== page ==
By Dr. Dan Miller
Astaxanthin in nature
Astaxanthin is a red pigment of the carotenoid family and an extremely strong natural antioxidant with positive effects on human health. Even though it plays different physiological roles in various animals including krill, lobster, and some fish (the most known example being the Salmon fish), none of these organisms is able to synthesize this substance which must be obtained from external sources.
Only one plant in nature can produce small amounts of astaxanthin in its petals - the plant Adonis annua. But the natural production of astaxanthin in a significant and effective way can be done only by microorganisms – most known examples being red yeast and microalgae.
Who is this microalga?
The green microalgae Haematococcus pluvialis is the richest known source of natural astaxanthin. Under appropriate conditions, the pigment accumulates in its cells to make up to 5% of H. pluvialis biomass. The biosynthesis of astaxanthin is a complex process that involves many enzymes and requires an investment of energy. What are the advantages that astaxanthin confer to H. pluvialis which make it worth expending resources on its production?
H. pluvialis is primarily found in temporary freshwater bodies such as rain pools and natural or artificial ponds. These habitats are instable as they lack constant inputs of water and regularly experience evaporation, which in turn leads to increased salinity, high temperatures, drought and shortage in nutrients (nutrients shortage is a result of consumption without external resources that can renew the nutrients pool in the pond).
All these stressors challenge the cells that developed a robust survival strategy in the form of astaxanthin.
The key to understanding this strategy lies in the understanding of stress on the cellular level: cellular stress ultimately results in the formation of free radical and in the establishment of a physiological condition known as oxidative stress. In photosynthetic organisms (e.g. all algae), there is a delicate balance between the amount of energy that enters the cells (in the form of light) and the energy used to fixate carbon into biomass which eventually makes up all the structures in the cell. Oxidative stress emerges when this balance is disrupted. This might be a result of strong irradiance (which may occur when the protection offered the particles floating within the pools disappear because of evaporation).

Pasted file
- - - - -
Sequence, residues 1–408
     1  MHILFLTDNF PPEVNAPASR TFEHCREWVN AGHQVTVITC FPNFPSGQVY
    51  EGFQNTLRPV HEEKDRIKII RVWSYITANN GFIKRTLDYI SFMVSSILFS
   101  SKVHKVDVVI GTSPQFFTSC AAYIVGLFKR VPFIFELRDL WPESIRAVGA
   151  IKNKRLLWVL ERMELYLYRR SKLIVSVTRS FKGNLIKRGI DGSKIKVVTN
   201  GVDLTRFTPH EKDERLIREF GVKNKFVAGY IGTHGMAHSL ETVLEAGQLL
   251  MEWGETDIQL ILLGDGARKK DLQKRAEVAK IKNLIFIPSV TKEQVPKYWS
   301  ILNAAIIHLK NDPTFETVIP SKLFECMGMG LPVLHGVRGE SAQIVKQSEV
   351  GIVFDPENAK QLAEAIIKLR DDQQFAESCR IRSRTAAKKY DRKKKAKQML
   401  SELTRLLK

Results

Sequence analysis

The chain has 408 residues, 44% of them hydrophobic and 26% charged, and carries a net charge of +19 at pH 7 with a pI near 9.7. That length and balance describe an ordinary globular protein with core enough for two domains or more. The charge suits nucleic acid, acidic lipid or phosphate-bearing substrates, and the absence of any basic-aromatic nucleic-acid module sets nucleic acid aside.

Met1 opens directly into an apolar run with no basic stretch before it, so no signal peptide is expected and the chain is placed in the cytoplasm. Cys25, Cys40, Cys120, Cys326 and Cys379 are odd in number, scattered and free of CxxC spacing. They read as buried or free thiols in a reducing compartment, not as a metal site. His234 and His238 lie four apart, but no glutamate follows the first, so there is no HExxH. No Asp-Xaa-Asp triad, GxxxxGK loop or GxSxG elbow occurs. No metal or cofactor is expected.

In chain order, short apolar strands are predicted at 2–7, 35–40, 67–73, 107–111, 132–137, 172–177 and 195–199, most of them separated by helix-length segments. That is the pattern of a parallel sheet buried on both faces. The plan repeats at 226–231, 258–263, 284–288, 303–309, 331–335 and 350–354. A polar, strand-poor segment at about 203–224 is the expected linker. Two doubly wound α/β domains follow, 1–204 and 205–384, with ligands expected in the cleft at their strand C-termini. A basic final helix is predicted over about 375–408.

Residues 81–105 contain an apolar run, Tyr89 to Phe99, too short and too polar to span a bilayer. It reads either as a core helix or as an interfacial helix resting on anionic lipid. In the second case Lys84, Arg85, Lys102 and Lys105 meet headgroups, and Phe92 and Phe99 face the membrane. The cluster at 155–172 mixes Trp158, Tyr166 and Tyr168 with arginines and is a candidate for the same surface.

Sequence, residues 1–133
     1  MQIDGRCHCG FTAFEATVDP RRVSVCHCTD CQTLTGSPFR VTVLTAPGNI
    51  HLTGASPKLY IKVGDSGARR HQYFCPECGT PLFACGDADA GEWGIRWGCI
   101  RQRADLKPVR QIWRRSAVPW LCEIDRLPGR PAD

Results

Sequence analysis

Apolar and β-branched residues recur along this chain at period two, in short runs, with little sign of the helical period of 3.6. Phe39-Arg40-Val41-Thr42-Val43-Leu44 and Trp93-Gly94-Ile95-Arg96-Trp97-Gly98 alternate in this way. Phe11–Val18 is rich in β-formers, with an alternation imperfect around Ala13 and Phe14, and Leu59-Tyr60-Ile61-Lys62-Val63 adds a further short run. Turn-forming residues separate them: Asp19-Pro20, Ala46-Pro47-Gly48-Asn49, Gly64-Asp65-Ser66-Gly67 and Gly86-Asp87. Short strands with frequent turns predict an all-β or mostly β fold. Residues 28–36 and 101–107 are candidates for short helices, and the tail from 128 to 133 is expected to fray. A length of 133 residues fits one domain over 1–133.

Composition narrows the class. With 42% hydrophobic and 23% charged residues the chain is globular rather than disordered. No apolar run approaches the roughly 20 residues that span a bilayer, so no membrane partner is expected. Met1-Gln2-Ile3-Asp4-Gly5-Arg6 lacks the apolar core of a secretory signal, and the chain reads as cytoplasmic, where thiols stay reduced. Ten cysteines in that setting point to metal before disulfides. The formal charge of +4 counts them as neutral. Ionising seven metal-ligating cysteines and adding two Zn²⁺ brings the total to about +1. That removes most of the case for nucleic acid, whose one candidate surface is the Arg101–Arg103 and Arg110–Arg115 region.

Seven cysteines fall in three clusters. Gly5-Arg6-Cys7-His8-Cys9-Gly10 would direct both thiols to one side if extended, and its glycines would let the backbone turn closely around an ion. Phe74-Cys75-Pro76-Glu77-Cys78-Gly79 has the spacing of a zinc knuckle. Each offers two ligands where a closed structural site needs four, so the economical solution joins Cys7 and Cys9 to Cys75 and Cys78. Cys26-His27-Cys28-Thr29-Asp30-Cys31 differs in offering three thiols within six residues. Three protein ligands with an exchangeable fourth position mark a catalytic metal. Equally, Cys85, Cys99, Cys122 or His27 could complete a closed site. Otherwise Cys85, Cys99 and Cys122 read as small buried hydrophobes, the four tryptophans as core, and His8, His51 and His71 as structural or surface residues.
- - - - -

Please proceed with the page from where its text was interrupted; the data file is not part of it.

Alternatively, the balance is disrupted by the allocation of energy normally used for the fixation of carbon to processes that maintain homeostasis (keep the physiology of the cell within certain limits of temperature, salinity, oxygen concentrations, etc.). Thus, whenever the cells are challenged with high salinity (which may result from evaporation), nutrient shortage, high irradiance and other stressors they must survive the massive formation of free radicals within them. The accumulation of astaxanthin within the cells is thought to confer the required protection from these harmful molecules.
The magic that occurs in nature
In nature, astaxanthin is transferred from microalgae to higher organisms, starting with tiny krill and up the food web to large fish. These organisms are able to absorb astaxanthin from their food and make use of this pigment for their own benefit.
A famous example is the one of salmon fish: the color of salmon meat is red due to the presence of astaxanthin in its muscles. As they reach sexual maturity, salmons swim upstream to freshwater springs where they mate and lay eggs, a process that requires enormous power and extraordinary muscle performance. Astaxanthin makes this possible: it protects the mitochondria – the sub-cellular organelle responsible for energy providence through cellular respiration – from oxidative damage and helps it shift from using sugar to fatty acids for the production of energy (fatty acids are far more efficient as fuel). These unique properties of astaxanthin grant salmon fish the power to perform the incredible journey up the streams of rivers all the way to the calm waters of their origins, where they give rise to the next generation of salmon fish.
The energy and power that salmon get from astaxanthin - our bodies can get too!
Through the daily intake of 4 mg astaxanthin, we can help the body's mechanisms work more properly, strengthen the immune systems and give the body the energy it needs.
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